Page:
The undersecretary of the Philippine Institute of Volcanology and Seismology did not immediately agree with the suggestion of Sen. Tito Sotto III that cloud seeding should be done in areas affected with Taal Volcano’s ashfall.
Phivolcs Director Renato Solidum said that further study must be done about operationalizing the weather modification activity.
While it may help plants covered in ashfall, it might also bring threats of lahar and flooding in areas near the volcano.
“You have to study how to operationalize cloud seeding,” Solidum said in an interview with CNN Philippines.
He added in a press conference that initiating the activity is difficult if there are no clouds available for seeding in the first place.
“Mahirap mag-cloud seed kung walang cloud na isi-seed mo para umulan,” Solidum said, as quoted by reports.
“Pero kung gaanong kalaking ulan ang mapo-produce n’yan at kung saan tatama ‘yung ulan, obviously, dapat meron kang ideal condition na ika-cloud seed mo,” he added.
Solidum also emphasized that rains might trigger flash floods and lahar.
“Well, this has to be studied. Kung titignan mabuti, obviously, kung masyado maraming tubig, e mawa-wash down ‘yung abo sa gilid, at may banta ng flood or lahar dahil wina-wash down ‘yung mga abo,” he said.
Phivolcs defined lahar as “slurries of volcanic sediment, debris and water that cascade down a volcano’s slopes through rivers and channels.”
It is sometimes called volcanic mudflows or debris flows, the agency added.
Lahar is “mainly generated by torrential rainfall on unconsolidated deposits from a past eruption,” Phivolcs said.
Sotto previously said that cloud seeding should be done in the areas affected by the ashfall brought by the heightened unrest of the Taal Volcano.
“I’m proposing cloud seeding action in the Taal Volcano affected areas and not wait for the rain. I sent word to the executive dept through Bong Go and ES (Executive Secretary) Medialdia. Water solves the ashfall debris,” he said to ABS-CBN.
Sotto also tweeted the same idea on his social media account prior.
Many Filipinos disagreed with his suggestion, including a student of Geography from the University of the Philippines-Diliman and a licensed professional teacher.
Jael Gonzales, an undergraduate student, pointed out that cloud seeding is not “instantaneous” in itself.
“Cloud seeding is not instantaneous, any clouds would be blown in the same direction as the debris and gases that came from Taal. Mixed with water, they will produce acid rain and runoff,” he said.
Twitter user @ejgp0627, a licensed teacher, recalled the 1991 eruption of Mt. Pinatubo when heavy rains produced lahar that “destroyed the homes of more than 100,000 people in the area surrounding Pinatubo,” according to the United States Geological Survey.
OMG, Tito Sotto strikes again with a minefield of problematic statements:
1. Cloud seeding = Acid rain / Lahar (remember Pinatubo '91?)
2. Cloud seeding on a no-fly zone?
3. Isn't it Bong Go's already part of the Legislative Dep't? Oh yeah, a seven-hour glitch senator 🙄 https://t.co/hYSG86TWt0
— The Earl of St. Peters (@ejgp0627) January 13, 2020
USGS also noted that the lahar also caused “more devastation in the (surrounding) lowlands than the eruption itself.”
“In the next four rainy seasons, lahars carried about half of the deposits off the volcano, causing even more destruction in the lowlands than the eruption itself,” the website said.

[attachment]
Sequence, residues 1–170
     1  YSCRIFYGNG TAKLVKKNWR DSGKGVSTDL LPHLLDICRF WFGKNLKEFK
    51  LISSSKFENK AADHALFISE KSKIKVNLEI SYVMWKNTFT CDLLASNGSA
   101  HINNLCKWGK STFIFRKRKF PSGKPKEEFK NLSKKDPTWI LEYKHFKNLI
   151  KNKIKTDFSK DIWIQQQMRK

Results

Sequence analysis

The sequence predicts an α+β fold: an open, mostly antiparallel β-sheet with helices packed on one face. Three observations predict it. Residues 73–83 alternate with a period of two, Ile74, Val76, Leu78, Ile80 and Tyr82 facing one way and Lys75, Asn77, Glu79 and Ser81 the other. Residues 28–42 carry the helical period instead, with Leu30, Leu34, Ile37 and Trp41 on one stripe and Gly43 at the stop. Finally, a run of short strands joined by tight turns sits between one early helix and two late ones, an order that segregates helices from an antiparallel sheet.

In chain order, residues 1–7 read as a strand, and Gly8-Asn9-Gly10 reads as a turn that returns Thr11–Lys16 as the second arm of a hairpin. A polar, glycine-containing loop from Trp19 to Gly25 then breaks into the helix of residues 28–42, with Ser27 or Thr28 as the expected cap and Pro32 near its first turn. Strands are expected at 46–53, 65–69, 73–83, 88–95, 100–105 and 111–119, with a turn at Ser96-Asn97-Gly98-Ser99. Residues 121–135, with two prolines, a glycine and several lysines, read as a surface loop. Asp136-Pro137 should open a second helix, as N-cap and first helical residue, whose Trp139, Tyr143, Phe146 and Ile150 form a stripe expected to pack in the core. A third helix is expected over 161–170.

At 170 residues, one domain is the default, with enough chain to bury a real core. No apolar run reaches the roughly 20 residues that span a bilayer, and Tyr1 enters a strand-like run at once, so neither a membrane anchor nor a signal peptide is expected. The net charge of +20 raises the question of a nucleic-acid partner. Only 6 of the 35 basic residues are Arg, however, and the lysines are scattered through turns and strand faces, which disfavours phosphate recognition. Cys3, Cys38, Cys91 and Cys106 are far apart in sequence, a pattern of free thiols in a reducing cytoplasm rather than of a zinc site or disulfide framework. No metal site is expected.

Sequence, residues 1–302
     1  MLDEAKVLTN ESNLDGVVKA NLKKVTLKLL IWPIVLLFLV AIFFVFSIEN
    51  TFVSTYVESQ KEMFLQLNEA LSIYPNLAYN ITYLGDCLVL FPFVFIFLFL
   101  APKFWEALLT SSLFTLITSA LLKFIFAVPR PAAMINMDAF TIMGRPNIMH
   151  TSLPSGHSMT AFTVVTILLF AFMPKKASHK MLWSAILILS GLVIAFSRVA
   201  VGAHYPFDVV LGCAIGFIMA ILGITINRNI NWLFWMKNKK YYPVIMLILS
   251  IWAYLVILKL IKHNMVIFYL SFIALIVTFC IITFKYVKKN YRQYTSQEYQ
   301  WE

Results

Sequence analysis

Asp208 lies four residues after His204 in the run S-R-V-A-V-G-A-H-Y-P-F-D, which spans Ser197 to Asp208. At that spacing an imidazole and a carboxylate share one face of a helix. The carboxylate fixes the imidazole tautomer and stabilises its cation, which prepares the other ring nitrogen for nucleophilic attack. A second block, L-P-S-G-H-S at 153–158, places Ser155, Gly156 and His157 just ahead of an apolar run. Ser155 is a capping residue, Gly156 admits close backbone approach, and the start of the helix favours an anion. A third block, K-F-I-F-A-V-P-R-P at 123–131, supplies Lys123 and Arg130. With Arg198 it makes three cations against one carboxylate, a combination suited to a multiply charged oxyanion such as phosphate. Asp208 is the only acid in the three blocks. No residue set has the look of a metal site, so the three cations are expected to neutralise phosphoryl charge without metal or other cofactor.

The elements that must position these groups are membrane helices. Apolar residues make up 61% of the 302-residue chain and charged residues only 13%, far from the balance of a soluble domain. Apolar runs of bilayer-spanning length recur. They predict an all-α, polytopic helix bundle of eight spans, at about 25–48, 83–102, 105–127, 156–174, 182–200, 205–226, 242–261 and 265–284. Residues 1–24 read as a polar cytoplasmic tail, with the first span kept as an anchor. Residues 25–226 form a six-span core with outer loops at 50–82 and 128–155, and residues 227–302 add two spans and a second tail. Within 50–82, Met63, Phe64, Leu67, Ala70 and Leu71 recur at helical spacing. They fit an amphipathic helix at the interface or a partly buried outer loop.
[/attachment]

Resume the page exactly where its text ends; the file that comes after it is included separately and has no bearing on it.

The Twitter user also pointed out that the vicinity around Taal Volcano, particularly within the 14-kilometer radius from the crater, is considered a “no-fly zone” because of the ash and smoke being emitted.
For cloud seeding to be enacted, planes must be deployed in the airspace where clouds are present.
Elmer Caringal, a hydrologist from the Philippine Atmospheric, Geophysical and Astronomical Services Administration, previously said that it could only work if there are “thunderstorm clouds” in the sky.
How does cloud seeding work?
Cloud seeding is the process of adding chemicals, particularly silver iodide or dry ice, to clouds through airplane flares in order to increase rainfall.
It is usually done by the Bureau of Soils and Water Management — an agency under the Agriculture Department — to help areas suffering from drought or dams and reservoirs with low water levels, according to an ABS-CBN News report.
“Cloud seeding works by deliberately sodium chloride or salt into clouds with high moisture content. These are what we call seedable clouds. Once the salt is introduced into the clouds, water vapor attaches to it,” it said.
“They become ice crystals and become bigger. When the cloud can no longer hold on to this, it falls and becomes rain,” the report continued.
It noted that rainfall will begin to commence 30 minutes to one hour after a successful operation.
However, not all clouds can produce sufficient rainfall, PAGASA assistant weather services chief Charmie Monteverde said.
Engineer Teresita Sandoval, chief of BSWM’s water resources management division, revealed that cloud seeding is not an instantaneous process that can be done for the sake of doing it.
“Pupuntahan po nating lahat ‘yung munisipyo, tatangungin natin ‘yung mga technician doon, ‘Ano bang nakatanim? Ano ba ‘yung affected ng cloud seeding? Ano ba ‘yung affected ng drought?’ Kapag sinabi po nila na sampung hektarya lang, hindi naman siguro tama na mag-cloud seeding,” she said.
“Kailangan po natin, andun po sa ating guidelines, kailangan at least 1,000 hectares po ‘yung affected area. At meron po dapat na standing crops… na i-sa-save for total loss,” Sandoval continued.